Rhododendron and Japanese Knotweed: invasive species as innovative crops for second generation biofuels for the ionoSolv process

RSC Adv. 2021 May 21;11(30):18395-18403. doi: 10.1039/d1ra01943k. eCollection 2021 May 19.


We investigated the potential of two terrestrial biomass invasive species in the United-Kingdom as lignocellulosic biofuel feedstocks: Japanese Knotweed (Fallopia japonica) and Rhododendron (Rhododendron ponticum). We demonstrate that a pretreatment technique using a low-cost protic ionic liquid, the ionoSolv process, can be used for such types of plant species considered as waste, to allow their integration into a biorefinery. N,N,N-Dimethylbutylammonium hydrogen sulfate ([DMBA][HSO4]) was able to fractionate the biomass into a cellulose-rich pulp and a lignin stream at high temperatures (150-170 °C) and short reaction times (15-60 minutes). More than 70-80% of the subsequent cellulose was hydrolysed into fermentable sugars, which were fermented into the renewable energy vector bioethanol.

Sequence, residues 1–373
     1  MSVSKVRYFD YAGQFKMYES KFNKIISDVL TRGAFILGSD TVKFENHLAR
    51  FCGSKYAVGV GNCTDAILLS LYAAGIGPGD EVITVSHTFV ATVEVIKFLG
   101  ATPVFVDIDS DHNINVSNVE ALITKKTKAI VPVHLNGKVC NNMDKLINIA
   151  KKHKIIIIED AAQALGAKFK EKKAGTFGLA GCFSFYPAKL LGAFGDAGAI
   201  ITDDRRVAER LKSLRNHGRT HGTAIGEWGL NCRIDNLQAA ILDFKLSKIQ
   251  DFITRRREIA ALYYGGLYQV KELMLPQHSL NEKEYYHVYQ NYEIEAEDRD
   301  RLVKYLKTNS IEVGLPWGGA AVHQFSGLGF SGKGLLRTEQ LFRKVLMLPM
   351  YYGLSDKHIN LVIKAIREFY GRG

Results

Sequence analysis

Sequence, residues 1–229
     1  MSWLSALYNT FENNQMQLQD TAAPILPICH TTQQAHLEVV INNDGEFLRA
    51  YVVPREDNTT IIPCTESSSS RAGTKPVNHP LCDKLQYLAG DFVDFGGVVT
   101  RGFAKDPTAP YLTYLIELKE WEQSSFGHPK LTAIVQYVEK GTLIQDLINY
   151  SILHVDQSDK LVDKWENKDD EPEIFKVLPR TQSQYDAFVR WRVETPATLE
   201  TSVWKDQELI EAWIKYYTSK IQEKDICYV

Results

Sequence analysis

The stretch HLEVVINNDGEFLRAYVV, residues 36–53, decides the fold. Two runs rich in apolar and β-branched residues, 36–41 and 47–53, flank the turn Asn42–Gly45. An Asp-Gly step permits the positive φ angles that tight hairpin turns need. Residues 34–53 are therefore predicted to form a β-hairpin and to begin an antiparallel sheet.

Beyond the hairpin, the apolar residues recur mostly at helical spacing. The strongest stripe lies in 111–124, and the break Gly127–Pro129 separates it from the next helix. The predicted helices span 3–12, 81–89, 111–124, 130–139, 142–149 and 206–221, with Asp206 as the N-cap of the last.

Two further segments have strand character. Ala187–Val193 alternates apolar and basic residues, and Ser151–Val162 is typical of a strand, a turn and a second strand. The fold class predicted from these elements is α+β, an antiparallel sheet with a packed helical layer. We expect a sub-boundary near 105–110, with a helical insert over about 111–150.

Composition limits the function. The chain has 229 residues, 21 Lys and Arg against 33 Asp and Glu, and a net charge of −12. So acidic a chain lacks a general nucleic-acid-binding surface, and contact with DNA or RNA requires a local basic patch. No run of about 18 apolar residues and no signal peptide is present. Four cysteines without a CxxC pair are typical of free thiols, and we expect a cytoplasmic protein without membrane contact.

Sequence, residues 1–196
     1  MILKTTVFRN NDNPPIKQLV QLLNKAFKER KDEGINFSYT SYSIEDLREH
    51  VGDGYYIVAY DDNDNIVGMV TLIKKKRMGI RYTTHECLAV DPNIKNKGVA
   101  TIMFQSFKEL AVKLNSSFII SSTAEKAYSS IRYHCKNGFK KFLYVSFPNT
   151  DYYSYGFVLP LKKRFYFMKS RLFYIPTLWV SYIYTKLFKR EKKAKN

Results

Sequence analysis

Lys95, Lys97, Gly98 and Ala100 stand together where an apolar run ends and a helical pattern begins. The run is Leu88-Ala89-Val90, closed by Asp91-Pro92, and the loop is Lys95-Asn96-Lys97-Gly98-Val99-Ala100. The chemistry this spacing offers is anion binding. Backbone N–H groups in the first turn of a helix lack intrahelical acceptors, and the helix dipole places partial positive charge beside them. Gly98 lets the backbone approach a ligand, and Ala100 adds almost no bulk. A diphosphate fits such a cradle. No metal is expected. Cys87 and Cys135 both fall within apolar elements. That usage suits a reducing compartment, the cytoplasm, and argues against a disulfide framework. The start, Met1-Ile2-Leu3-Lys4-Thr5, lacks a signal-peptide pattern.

PMID:35480936 | PMC:PMC9033429 | DOI:10.1039/d1ra01943k


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